There are no effective therapeutics for cognitive impairments associated with schizophrenia (CIAS), which includes deficits in executive functions (working memory and cognitive flexibility) and episodic memory. Compounds that have entered clinical trials are inadequate in terms of efficacy and/or tolerability, highlighting a clear translational bottleneck and a need for a cohesive preclinical drug development strategy. In this review we propose hippocampal-prefrontal-cortical (HPC-PFC) circuitry underlying CIAS-relevant cognitive processes across mammalian species as a target source to guide the translation-focused discovery and development of novel, procognitive agents. We highlight several G protein-coupled receptors (GPCRs) enriched within HPC-PFC circuitry as therapeutic targets of interest, including noncanonical approaches (biased agonism and allosteric modulation) to conventional clinical targets, such as dopamine and muscarinic acetylcholine receptors, along with prospective novel targets, including the orphan receptors GPR52 and GPR139. We also describe the translational limitations of popular preclinical cognition tests and suggest touchscreen-based assays that probe cognitive functions reliant on HPC-PFC circuitry and reflect tests used in the clinic, as tests of greater translational relevance. Combining pharmacological and behavioral testing strategies based in HPC-PFC circuit function creates a cohesive, translationfocused approach to preclinical drug development that may improve the translational bottleneck currently hindering the development of treatments for CIAS.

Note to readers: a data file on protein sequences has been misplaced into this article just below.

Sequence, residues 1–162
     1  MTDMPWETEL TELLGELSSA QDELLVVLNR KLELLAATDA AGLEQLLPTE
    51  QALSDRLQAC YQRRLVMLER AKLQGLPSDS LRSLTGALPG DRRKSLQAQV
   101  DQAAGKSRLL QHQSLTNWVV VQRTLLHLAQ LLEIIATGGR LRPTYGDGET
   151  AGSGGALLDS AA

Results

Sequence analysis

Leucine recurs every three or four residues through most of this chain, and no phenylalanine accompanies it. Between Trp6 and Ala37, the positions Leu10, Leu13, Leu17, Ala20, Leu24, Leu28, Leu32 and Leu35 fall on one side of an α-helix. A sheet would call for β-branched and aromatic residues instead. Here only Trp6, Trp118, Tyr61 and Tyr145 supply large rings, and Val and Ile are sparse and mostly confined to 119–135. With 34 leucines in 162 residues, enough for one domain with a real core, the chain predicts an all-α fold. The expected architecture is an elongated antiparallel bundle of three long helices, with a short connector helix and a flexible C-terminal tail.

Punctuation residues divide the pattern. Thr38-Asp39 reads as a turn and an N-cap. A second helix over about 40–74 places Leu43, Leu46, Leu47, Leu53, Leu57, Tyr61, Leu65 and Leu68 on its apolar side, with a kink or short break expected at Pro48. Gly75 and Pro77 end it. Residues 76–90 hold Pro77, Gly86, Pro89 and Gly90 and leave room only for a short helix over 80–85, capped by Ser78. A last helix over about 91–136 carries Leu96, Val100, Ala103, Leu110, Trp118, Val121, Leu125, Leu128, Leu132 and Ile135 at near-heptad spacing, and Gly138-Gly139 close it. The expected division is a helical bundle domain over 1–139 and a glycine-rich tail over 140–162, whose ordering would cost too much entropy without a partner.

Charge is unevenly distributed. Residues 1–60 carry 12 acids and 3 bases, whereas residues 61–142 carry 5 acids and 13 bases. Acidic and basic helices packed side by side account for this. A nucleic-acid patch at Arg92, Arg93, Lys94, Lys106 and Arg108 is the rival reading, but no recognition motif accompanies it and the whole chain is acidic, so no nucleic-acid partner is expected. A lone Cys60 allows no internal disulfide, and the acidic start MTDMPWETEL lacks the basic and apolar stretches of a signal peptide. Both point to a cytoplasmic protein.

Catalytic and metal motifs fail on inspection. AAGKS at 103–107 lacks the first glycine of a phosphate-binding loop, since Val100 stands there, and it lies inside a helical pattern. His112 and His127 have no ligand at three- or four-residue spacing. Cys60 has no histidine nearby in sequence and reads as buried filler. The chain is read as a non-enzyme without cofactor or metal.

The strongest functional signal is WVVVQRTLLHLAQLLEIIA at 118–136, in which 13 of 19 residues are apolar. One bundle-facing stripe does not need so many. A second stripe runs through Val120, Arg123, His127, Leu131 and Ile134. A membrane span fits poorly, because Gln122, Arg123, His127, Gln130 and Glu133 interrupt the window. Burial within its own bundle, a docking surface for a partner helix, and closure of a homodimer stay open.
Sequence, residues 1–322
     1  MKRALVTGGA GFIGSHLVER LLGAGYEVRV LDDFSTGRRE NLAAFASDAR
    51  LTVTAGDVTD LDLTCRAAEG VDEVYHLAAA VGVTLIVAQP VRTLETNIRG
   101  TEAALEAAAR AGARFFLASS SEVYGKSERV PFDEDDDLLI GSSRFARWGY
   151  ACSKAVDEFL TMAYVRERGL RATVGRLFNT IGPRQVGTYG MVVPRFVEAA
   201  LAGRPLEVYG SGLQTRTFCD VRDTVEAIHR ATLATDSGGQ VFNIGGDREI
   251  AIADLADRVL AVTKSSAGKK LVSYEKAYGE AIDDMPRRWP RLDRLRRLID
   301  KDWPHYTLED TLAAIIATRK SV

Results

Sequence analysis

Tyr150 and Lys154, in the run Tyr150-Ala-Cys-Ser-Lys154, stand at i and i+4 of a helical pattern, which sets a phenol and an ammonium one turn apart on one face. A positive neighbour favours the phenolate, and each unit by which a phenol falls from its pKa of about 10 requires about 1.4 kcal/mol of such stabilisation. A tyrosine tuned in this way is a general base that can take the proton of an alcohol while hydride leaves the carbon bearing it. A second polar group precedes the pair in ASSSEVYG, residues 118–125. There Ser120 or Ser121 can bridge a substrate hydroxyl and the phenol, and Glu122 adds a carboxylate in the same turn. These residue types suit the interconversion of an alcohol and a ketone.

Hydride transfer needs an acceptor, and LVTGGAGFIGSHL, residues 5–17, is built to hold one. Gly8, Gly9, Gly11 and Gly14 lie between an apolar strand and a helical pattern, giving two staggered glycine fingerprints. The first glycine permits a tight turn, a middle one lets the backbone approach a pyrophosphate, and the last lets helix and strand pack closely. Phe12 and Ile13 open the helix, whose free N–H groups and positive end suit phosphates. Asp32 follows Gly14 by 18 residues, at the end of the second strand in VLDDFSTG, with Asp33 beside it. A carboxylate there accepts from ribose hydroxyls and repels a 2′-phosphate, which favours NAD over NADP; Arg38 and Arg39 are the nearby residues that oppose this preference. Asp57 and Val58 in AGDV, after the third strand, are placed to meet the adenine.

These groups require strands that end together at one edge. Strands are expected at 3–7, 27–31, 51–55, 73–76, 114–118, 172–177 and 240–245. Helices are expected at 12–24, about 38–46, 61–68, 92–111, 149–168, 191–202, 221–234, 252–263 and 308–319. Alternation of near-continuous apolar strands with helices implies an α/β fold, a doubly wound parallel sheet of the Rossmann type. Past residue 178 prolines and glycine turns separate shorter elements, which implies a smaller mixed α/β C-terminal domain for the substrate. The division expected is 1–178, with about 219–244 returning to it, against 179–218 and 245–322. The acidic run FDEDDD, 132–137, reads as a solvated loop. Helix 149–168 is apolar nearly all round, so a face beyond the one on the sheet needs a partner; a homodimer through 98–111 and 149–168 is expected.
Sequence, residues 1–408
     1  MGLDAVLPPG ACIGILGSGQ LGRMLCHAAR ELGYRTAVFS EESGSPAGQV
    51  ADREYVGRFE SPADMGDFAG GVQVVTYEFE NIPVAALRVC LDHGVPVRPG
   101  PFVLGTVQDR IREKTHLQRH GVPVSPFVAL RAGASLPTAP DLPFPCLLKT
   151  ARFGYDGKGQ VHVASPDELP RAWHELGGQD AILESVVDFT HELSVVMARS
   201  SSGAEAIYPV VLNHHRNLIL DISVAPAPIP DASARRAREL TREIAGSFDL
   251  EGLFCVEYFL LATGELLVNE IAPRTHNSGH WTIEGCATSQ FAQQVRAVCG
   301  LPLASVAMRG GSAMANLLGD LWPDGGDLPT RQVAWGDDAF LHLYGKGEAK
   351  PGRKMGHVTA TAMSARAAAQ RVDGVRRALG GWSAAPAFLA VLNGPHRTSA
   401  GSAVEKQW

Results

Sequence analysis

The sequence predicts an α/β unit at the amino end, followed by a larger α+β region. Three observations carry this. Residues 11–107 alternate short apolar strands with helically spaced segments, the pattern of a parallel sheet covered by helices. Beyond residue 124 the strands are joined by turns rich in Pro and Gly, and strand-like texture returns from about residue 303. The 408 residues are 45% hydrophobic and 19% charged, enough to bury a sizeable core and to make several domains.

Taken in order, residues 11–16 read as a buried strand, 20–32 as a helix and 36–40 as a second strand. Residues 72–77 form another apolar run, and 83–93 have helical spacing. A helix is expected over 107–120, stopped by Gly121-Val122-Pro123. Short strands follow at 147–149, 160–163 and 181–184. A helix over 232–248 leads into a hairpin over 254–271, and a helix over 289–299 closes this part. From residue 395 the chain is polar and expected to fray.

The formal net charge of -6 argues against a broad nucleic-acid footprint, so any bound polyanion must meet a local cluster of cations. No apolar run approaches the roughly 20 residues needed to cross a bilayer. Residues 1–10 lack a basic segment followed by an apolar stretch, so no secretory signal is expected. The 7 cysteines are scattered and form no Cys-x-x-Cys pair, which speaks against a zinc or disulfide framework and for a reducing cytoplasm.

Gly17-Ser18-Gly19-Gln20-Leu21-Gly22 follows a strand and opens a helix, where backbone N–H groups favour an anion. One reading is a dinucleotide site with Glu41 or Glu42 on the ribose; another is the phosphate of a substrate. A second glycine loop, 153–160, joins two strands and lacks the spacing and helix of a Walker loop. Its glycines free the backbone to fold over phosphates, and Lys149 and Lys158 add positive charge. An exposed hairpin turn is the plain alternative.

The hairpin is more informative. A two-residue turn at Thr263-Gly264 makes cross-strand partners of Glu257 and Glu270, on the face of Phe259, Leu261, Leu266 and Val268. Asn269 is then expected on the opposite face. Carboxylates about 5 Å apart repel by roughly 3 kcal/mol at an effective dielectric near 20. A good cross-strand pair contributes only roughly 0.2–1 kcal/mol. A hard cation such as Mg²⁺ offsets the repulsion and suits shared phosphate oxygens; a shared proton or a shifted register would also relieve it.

- Cognitive impairment
- Drug discovery
- Hippocampal-prefrontal cortical circuitry
- Rodent touchscreen